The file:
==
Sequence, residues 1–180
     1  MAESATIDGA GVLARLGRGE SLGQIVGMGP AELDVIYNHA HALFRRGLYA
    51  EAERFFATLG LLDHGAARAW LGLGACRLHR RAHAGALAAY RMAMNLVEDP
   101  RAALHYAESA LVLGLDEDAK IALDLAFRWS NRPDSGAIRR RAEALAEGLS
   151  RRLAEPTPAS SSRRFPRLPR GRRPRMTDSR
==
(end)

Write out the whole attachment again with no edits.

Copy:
Sequence, residues 1–180
     1  MAESATIDGA GVLARLGRGE SLGQIVGMGP AELDVIYNHA HALFRRGLYA
    51  EAERFFATLG LLDHGAARAW LGLGACRLHR RAHAGALAAY RMAMNLVEDP
   101  RAALHYAESA LVLGLDEDAK IALDLAFRWS NRPDSGAIRR RAEALAEGLS
   151  RRLAEPTPAS SSRRFPRLPR GRRPRMTDSR